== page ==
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Tactical Gaming: The Book

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  • Tactical Gaming: The Book

    After ten years with the TG community I have finally embarked on putting into words my study of TG and military multiplayer gaming. The book's working title is:

    Tactical Gaming:
    Virtual Warfare in the Context of Empire and Capitalism

    Unlike most ethnographic studies of virtual environments I intend to make the draft of the text fully available online as I write it. To get things rolling I have included the draft introductory text at the end of this post

    I expect that this process of transparency and immediacy will itself have a significant impact on the study itself.

    I'll announce updates to the text in this thread.

    Some of my related writing leading up to this project:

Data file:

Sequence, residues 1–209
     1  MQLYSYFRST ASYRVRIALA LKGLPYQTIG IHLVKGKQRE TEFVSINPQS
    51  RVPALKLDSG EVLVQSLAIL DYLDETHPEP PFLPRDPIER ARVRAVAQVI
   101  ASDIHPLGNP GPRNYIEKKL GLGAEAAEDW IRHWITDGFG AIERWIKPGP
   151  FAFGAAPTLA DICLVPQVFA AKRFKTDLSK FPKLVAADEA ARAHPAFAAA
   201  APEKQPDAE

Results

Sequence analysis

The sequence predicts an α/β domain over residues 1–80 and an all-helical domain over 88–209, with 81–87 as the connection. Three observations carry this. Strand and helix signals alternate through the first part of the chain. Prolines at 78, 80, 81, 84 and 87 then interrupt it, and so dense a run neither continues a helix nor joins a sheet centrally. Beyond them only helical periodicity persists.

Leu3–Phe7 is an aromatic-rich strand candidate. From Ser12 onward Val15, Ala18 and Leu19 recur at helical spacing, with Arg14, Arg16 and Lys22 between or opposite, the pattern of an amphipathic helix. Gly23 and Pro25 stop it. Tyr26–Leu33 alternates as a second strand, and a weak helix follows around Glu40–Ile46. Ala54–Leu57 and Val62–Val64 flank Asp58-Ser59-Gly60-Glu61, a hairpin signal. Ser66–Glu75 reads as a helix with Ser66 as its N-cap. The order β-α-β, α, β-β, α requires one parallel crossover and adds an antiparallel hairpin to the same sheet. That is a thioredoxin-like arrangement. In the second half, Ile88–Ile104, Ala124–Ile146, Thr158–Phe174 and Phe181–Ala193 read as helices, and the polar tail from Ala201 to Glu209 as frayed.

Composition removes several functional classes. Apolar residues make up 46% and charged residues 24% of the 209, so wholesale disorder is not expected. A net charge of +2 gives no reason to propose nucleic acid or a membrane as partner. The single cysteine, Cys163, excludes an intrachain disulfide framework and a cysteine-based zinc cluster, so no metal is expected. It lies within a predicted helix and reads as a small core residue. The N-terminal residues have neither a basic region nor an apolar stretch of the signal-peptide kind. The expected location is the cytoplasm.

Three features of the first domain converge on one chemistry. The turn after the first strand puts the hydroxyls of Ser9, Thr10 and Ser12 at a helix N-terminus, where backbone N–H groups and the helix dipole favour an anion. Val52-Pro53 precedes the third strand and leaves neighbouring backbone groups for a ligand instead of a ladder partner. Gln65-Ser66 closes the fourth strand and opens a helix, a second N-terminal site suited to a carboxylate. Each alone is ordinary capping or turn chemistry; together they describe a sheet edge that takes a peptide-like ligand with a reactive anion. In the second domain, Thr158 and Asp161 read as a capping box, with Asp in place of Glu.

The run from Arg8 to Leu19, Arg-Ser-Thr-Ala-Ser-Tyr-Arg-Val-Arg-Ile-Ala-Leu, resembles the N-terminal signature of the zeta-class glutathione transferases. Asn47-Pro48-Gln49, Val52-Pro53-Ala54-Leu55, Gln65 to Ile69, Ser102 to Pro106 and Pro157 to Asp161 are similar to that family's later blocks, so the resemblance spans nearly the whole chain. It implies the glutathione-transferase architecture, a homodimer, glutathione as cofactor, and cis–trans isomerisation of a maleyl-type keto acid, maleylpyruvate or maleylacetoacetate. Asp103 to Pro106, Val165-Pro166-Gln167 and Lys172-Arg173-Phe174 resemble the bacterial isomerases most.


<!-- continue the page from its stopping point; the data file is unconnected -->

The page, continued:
Virtual Video Ethnography: Towards a New Field of Internet Cultural Studies

    Squad and Platoon Management in Virtual Environments

    Thank you in advance for any feedback,

    Dr. Strangelove
    University of Ottawa
    aka E-Male


    Perhaps more than anything else the dawn of the 21st century has been defined by the rise of virtual environments – social spaces mediated by digital networked consumer technologies. We shop online, socialize via smartphones, protest by clicking, train and learn through virtual classrooms, and even exchange nude photographs of ourselves, engage in mutual masturbation while sitting in front of Internet-connected screens, and have virtual marriages and adulterous online affairs. The Internet-connected landscape of everyday life is consuming a significant and growing percentage of our attention. The following is an exploration of one small slice of this emerging virtual world – multiplayer military gaming – herein referred to as virtual warfare. The analysis of virtual warfare provides insight into a wide variety of aspects of the virtualization of leisure, work, education, community, identity, gender, misogyny, homophobia, and of course warfare itself. Tactical gaming also raises questions about the relationship between online gaming, gun culture, the computer game industry and the ubiquitous contexts of capitalism, the American empire, and permanent warfare. This wide spectrum of issues and contexts provide lines of inquiry that will be perused herein.